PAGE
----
“When was the last time green was the core pop color?” Fromm asked. “That tells you there’s a strong fashion element out there and that palettes are important. This is the next season color staring you down in the face, the color pop across the industry from high fashion Ferragamo to athletic shoes,” he continued.
The windows, which wrap around Fifth Avenue and 53rd Street, are elegant with gallery-like images of Ferragamo’s green silk scarves and a range of men’s work-to-weekend shoes hoisted onto slabs of green marble. The display is a perfect metaphor for Fromm’s take on the footwear industry—a fresh, clean slate after a sleepy winter, speaking to both the industry’s constant state of renewal and consumers’ demand for fresh and exciting product.
“New opportunities are around the corner. That’s the best thing about the footwear industry,” Fromm said.
After a difficult run, Fromm said a wave of newness and creativity always follows. Brands become more diligent, innovative and original. As of late, the athletic and outdoor categories have supplied most of the growth in the industry, but Fromm pointed out that momentum plays out on different levels in footwear. The tiny spotlight that falls on one area grows into a greater circle when fashion brands begin to adopt those flavors and looks for styles that are more contiguous with everyday streetwear.
Consequently, a crop of high-heel hikers and lug sole fashion boots are trending for Fall ’16.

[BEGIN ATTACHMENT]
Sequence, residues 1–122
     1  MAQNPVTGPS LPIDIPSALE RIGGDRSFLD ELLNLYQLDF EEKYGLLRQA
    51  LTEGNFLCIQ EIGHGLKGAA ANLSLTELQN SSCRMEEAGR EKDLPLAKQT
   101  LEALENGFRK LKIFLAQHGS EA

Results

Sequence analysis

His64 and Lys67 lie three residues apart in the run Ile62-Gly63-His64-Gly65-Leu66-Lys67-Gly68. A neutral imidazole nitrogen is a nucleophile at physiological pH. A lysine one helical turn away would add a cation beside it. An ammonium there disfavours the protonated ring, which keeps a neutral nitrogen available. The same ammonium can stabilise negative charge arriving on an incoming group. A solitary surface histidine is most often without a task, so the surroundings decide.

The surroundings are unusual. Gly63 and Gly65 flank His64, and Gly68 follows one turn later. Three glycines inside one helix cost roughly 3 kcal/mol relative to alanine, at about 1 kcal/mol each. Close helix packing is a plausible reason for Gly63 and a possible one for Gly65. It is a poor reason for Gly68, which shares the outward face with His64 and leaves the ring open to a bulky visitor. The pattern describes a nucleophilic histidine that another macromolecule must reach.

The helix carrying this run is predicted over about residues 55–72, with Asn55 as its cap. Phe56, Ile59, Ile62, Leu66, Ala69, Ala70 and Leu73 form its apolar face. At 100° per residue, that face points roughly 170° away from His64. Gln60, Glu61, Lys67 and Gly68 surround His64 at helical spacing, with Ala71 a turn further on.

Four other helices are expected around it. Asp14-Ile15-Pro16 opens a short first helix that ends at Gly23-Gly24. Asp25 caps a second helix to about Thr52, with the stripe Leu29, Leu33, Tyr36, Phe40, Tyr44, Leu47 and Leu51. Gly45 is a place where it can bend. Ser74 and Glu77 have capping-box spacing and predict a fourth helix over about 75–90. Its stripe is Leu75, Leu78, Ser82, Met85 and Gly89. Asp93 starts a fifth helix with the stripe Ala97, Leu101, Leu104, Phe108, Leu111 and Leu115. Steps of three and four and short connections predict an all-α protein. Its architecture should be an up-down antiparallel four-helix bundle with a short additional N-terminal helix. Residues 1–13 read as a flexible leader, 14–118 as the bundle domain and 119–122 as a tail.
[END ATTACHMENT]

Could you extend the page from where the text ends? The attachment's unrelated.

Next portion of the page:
Fromm added, “The history of the fashion business shows that when times are challenging, the innovation faucet gets turned on.”
Going into February and the start of the next season, Fromm said buyers are anxious for what’s next, but what is considered a “difficult run” these days in footwear?
Contrary to where many brands place blame, a difficult run is more than a winter with unseasonably warm temperatures. “There’s a disruptive force of how business is being done and conducted. It has everything to do with digital, social media, the Internet and the impact on how much product is sold in the store compared to outside the store,” Fromm said. “It is shaking the industry in every facet.”
The language is not new—retailers have been selling and marketing shoes online for a decade—but Fromm said the industry is beginning to realize it needs to create a new model for success. In the meantime, trying to find the proper balance of omnichannel is absorbing a lot of time, attention and money.
“It’s a new world because we know it means that we have to be able to bring product and experiences to the customer—to where they are—no matter mobile or in store. But what is that doing to the cost structure? And how many stores do you need to open? How much product is needed for each store? How much for drop ship? These are big challenges people are grappling with now,” Fromm said.
There won’t be one answer, but, beginning with the June show, FFANY plans to examine the concept of disruption at a deeper level with a special focus on the independent channel.
Each brand and company has to focus on where they are in the cycle, Fromm said. “For some, the question is how to participate in digital marketing and social media. Others ask, ‘How do I get customers to think about my store?’ It is age-old questions that need new age solutions.”